Monday, January 11, 2021

post-truth is pre-fascism

Four years ago, ahead of the inauguration of a certain US president, I warned of the dangers of a post-truth world. After the November 2020 election that voted him out I wondered what we have to do to get some sense of truth back, after the world has become used to being flooded with toxic lies. Conspiracy theories not only disturb political process, they may also jeopardise the response to the Covid crisis.

I wrote a feature about this in the first week of December, writing about the strange beliefs of Republicans in the past tense, half hoping they might get bored of crazy conspiracies by the time the article comes out. Unfortunately, the opposite has happened and they decided it might be a good idea to storm the Capitol and try to prevent the completion of the official election process. A very good analysis of what happened, with just the right amount of references to Weimar Germany, is in this essay by Yale historian Timothy Snyder - from which I borrowed the title of this blogpost. Snyder makes the point that, on top of all the small and medium sized lies, the big lie that Trump won the 2020 election and had the presidency stolen from him could continue to bind his fanbase in their perceived victimhood and serve a future fascist coup like the Dolchstoss-Legende about the end of worldwar I served the Nazis. Trump might be too incompetent to lead that coup himself, but somebody else now patiently waiting in the wings could take over his devoted fanbase and use it for a successful putsch.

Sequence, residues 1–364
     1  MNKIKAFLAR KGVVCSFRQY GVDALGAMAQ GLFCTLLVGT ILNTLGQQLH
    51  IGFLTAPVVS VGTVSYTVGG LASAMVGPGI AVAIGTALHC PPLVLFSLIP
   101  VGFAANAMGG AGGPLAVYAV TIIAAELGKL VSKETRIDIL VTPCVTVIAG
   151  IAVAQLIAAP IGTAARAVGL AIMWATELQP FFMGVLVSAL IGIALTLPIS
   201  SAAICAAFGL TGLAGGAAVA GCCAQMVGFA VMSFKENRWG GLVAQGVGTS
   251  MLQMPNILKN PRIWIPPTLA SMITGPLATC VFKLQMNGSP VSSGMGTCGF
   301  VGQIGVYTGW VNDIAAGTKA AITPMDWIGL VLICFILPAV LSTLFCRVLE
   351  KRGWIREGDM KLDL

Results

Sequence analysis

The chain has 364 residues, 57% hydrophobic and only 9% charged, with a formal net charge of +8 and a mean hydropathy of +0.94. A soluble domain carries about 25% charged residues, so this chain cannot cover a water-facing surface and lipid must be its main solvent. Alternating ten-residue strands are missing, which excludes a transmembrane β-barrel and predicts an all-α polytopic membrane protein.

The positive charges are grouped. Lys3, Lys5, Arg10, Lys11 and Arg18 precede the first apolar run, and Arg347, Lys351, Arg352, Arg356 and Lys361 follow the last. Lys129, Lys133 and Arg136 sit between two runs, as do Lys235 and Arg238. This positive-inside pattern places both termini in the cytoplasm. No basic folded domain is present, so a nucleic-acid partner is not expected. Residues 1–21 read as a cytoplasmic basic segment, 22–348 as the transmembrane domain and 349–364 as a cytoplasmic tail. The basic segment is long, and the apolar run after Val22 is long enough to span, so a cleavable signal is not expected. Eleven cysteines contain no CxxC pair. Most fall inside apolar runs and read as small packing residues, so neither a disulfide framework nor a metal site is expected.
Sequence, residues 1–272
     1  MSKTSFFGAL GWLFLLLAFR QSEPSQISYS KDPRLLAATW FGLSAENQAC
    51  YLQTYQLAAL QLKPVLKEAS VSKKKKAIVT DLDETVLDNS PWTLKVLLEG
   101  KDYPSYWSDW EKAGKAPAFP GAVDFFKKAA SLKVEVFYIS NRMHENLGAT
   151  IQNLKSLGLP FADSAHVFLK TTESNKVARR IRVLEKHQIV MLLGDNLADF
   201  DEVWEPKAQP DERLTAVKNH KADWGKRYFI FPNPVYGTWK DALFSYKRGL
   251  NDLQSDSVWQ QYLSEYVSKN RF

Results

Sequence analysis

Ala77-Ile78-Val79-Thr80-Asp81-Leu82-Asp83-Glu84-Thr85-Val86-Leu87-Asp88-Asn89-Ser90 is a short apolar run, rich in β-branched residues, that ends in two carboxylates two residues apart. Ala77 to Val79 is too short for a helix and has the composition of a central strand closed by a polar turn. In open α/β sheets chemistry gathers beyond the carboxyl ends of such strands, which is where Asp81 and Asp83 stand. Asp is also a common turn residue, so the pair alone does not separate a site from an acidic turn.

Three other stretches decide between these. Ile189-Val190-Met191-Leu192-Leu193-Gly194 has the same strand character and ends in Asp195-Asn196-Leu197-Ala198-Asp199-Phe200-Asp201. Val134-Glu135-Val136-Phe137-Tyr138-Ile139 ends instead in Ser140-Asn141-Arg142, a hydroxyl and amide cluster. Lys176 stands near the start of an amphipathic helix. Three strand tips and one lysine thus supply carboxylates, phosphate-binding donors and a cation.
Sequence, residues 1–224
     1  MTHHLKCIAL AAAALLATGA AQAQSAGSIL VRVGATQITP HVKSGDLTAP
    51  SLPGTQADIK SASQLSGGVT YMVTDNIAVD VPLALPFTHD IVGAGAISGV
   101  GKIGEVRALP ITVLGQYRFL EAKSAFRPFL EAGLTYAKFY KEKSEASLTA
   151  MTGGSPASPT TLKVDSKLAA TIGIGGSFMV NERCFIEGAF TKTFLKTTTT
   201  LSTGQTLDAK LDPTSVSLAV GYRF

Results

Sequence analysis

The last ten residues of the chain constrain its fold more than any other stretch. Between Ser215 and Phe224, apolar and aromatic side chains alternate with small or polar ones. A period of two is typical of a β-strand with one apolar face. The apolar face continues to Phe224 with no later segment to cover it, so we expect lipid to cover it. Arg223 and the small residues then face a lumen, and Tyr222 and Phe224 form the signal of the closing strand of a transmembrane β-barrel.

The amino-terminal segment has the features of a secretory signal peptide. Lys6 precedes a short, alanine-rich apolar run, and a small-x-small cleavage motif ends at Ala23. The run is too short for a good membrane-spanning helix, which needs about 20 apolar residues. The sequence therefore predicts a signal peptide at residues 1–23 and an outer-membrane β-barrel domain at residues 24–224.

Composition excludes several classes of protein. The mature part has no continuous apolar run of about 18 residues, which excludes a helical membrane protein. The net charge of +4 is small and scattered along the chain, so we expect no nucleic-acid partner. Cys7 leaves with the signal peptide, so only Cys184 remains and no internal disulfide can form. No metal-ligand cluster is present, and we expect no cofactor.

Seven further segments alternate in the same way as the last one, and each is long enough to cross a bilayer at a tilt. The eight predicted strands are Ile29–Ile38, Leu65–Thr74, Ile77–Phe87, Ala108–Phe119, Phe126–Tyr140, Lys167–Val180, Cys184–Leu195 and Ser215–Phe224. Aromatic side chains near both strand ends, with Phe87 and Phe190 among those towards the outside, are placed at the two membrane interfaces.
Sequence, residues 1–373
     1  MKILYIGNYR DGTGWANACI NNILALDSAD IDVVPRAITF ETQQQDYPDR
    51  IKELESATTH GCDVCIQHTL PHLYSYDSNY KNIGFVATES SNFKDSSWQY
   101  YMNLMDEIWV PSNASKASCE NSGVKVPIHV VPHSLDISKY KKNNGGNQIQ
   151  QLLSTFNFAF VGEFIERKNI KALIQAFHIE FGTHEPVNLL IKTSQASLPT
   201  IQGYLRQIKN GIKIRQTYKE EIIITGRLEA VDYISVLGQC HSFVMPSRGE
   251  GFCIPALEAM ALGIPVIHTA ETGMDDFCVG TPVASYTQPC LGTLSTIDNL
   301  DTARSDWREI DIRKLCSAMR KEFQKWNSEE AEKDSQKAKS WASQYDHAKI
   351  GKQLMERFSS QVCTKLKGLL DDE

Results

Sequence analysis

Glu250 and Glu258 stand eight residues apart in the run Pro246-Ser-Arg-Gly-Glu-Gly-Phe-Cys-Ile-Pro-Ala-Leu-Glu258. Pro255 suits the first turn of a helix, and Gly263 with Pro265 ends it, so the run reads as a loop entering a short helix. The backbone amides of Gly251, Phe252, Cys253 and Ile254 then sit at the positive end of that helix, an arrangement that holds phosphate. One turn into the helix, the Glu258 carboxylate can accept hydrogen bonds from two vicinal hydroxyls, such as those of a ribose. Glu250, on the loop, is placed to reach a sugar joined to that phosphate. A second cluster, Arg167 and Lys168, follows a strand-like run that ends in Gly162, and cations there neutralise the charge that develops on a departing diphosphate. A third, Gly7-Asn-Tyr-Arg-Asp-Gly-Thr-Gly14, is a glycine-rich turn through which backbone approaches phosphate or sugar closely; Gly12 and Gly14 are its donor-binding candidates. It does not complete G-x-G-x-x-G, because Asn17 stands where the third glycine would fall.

Now I'm somewhat less optimistic that the problem can still be fixed in the US, and if it can't the fallout will be catastrophic for the rest of the world as well, if only because raving lunatics around the world will feel encouraged to try the same. But to feed the small hopes we still have here are some thoughts on how to bring back a bit of reason.

Recovering a sense of reality

Current Biology Volume 31, Issue 1, 11 January 2021, Pages R1-R3

FREE access to full text and PDF download

The denialists in the photos we had available in December looked comparatively sane compared to the photos from last week! Demonstration of denialists protesting against Covid restrictions in Leipzig, Germany. (Photo: Roy Zuo/Wikimedia Commons (CC BY-SA 4.0).)

service announcement: starting a new twitter thread with the features of 2021, adding them as they convert to open access.

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